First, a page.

Travel is not all frothy Instagrammable moments in front of castles and waterfalls. It sucks balls a lot of the time. But those shitty travel situations are actually the most valuable, because I’ve learnt the most from them. They also make the best stories that I relish re-telling to family and friends, new people I meet, over the internet to you guys, on my Tinder dates and to my imaginary cat. So here are my shittiest travel situations and what I’ve learnt from them.
Shitty Travel Situation 1: The fear before long-term travel
Before I left home to travel long-term I was frustrated with my life. I wanted to see the world but a part of me thought that it wouldn’t be possible. That I would just work, get married and keep existing without a choice. So one week, I followed my instincts and decided to use my teaching background and sent out about a million applications to teach English Abroad using Dave’s ESL Cafe.
But that was the easy part. The shitty travel part was the FEAR that came after. I had traveled solo before on short trips to Amsterdam and Iceland. But never in Asia alone and never to live there for an unknown amount of time (my contract was for a year). October 2016 was the scariest month of my life; it was my last month in London. Every morning I woke up with knots in my stomach wondering whether I had made the right choice. That fear built inside my chest and stomach lining and came with me to the airport weighing me down like a suitcase of lead. Saying goodbye to my family felt like a surreal nightmare and suddenly I was alone.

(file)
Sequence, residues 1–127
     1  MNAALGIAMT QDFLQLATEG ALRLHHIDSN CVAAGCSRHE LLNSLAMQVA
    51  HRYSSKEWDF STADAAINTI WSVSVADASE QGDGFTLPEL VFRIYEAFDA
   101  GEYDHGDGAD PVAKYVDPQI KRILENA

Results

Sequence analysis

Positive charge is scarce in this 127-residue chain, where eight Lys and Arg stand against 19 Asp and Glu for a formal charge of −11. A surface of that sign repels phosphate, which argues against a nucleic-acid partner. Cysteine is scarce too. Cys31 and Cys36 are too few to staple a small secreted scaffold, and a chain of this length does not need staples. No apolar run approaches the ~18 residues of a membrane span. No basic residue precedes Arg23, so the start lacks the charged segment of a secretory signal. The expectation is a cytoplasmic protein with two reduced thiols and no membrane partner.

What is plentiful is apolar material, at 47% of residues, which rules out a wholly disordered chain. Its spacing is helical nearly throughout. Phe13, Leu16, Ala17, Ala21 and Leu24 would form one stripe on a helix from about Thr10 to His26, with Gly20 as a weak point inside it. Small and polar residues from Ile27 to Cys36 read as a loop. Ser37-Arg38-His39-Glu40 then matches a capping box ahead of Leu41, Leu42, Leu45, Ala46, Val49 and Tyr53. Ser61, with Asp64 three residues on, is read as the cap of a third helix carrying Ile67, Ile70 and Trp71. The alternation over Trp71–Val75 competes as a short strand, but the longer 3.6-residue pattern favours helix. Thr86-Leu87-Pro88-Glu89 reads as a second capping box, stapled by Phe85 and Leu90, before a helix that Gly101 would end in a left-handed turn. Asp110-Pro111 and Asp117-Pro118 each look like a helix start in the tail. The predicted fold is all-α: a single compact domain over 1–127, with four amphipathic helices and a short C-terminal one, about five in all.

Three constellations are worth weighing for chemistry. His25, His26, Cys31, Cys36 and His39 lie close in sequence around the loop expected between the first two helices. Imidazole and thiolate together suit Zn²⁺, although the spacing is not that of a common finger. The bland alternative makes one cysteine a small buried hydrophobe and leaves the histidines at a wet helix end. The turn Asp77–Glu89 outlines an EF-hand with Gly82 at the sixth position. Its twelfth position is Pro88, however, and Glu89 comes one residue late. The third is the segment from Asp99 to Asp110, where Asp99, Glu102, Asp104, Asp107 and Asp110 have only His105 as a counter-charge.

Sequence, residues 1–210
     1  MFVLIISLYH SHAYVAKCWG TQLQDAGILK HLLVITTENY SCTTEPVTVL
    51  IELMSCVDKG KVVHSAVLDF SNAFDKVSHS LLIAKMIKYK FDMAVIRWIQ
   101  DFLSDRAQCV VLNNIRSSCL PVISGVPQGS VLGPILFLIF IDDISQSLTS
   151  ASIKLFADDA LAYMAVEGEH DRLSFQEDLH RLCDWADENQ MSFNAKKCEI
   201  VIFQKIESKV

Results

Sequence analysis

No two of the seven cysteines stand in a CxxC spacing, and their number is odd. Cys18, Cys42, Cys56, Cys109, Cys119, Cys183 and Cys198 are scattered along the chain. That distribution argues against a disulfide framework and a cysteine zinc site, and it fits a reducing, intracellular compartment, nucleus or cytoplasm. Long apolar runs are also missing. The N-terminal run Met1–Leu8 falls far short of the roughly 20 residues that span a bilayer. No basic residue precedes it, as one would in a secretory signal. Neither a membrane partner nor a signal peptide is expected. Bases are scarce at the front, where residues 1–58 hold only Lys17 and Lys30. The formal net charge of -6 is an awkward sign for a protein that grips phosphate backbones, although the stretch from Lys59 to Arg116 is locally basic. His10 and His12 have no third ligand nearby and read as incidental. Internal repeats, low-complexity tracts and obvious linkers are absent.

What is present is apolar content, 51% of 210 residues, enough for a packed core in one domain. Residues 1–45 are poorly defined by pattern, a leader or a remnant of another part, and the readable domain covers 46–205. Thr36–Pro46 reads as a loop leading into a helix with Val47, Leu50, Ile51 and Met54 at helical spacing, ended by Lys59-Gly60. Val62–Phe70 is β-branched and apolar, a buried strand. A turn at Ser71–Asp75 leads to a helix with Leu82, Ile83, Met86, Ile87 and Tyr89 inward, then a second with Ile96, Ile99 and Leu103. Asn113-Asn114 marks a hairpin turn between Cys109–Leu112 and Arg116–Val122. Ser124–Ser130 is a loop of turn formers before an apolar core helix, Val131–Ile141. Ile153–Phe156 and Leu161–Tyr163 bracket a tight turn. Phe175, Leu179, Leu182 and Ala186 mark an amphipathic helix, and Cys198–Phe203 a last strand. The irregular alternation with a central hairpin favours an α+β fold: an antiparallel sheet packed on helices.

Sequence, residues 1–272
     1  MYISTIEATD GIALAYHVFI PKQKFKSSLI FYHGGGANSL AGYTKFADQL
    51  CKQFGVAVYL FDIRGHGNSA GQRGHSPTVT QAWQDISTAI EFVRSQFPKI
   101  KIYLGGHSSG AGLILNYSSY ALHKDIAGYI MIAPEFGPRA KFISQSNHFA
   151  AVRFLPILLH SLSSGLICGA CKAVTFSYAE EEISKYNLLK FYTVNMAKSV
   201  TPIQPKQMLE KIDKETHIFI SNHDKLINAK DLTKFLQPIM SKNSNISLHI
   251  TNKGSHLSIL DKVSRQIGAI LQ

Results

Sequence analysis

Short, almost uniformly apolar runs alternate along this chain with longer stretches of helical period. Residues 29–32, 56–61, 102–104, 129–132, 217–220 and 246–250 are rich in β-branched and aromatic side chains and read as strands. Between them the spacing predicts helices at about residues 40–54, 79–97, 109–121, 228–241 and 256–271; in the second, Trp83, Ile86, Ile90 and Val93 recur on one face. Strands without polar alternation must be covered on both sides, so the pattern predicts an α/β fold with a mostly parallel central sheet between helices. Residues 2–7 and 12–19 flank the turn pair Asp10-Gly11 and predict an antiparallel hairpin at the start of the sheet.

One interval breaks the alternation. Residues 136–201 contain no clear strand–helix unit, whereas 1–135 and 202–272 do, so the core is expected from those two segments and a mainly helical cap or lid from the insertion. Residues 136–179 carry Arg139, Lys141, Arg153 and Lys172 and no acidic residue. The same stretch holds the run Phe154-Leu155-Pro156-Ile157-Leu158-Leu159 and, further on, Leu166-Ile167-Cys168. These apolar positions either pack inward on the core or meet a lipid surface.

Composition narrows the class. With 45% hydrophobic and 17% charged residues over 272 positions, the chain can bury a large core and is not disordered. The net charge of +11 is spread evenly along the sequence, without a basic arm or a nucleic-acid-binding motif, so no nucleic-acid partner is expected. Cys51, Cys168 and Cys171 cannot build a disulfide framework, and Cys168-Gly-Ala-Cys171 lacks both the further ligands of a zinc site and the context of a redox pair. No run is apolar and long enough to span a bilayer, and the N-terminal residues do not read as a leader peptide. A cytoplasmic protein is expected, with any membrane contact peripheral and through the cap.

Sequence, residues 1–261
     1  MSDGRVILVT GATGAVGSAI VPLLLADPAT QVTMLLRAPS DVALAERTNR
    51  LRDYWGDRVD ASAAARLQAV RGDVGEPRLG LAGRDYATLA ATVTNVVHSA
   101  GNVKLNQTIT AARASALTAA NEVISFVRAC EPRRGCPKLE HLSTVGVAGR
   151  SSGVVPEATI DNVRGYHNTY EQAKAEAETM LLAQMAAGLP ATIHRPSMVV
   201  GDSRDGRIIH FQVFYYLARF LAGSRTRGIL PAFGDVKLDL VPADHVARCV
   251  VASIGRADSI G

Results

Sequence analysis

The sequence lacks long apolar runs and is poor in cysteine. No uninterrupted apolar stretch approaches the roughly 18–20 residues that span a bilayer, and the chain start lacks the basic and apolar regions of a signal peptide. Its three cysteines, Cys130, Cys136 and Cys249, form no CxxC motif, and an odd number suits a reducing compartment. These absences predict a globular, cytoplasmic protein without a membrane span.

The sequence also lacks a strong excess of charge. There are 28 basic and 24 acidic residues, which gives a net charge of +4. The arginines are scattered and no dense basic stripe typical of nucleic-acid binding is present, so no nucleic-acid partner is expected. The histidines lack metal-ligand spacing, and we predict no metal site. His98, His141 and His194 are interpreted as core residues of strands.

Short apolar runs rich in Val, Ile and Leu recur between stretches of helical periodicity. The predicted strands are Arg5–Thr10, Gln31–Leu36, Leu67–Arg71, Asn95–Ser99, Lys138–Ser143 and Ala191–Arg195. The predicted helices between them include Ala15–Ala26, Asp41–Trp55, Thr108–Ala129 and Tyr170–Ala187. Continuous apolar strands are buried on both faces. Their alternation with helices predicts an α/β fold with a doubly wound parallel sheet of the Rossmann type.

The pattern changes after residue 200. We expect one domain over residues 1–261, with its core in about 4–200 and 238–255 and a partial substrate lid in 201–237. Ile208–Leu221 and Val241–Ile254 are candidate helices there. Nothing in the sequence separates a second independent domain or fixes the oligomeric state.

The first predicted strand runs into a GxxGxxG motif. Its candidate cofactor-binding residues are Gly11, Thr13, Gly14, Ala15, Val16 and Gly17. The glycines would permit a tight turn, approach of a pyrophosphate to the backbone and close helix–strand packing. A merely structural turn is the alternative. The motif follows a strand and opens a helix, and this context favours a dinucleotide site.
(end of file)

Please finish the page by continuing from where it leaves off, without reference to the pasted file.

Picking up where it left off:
All I remember of the plane journey is trying to distract myself with funny movies like Rush Hour, because if I thought too much, I would feel sick. Things didn’t actually get better until I found a nice apartment, got on with my job and made friends.
Sure the fear was shitty, but it pushed me to find that new apartment, make my work meaningful and socialize with people. Through fear I’ve learnt that we will always feel displaced when moving to a new place (when I moved from Hanoi to Bali, I felt weird again), but that fear goes once we get used to stuff. I have learnt to embrace uncertainty and accept displacement a little more.
Shitty Travel Situation 2: Driving A Scooter In Asia
People sometimes ask me what I miss about London. Is it the food, the people, the Fish n Chips? Sure, it’s all of those, but most of all it’s the transport. I really crave pavements that are wide enough to walk on. I miss the London buses and the tubes like old boyfriends I fantasize about the good times with. Because guess what? Transport is godawful in a lot of Asia and if you stay somewhere long term you need to get your ass in that traffic and drive.
So I tried in October. And crashed into a wall 3 times before giving up in a flood of tears. I tried again in December – this time with a bicycle – it helped me get to know the roads. Then I tried in January with an electric bike and I could balance OK. Then in February, I rented a scooter for a trip to Phu Quoc Island and… I could drive it. I was so happy that I had overcome my shitty travel situation that I forgot to check the petrol and ran out halfway up the island and got stranded (but that’s a different story).
Now I can drive pretty much anything. When I went to Ha Giang, I drove a semi-automatic bike with gears and everything through crazy-ass mountain roads filled with jagged rocks and narrow slopes – Learn more about that HERE. In Nusa Penida I drove over abandoned cliffs laughing in the rain with a towel draped around my shoulders.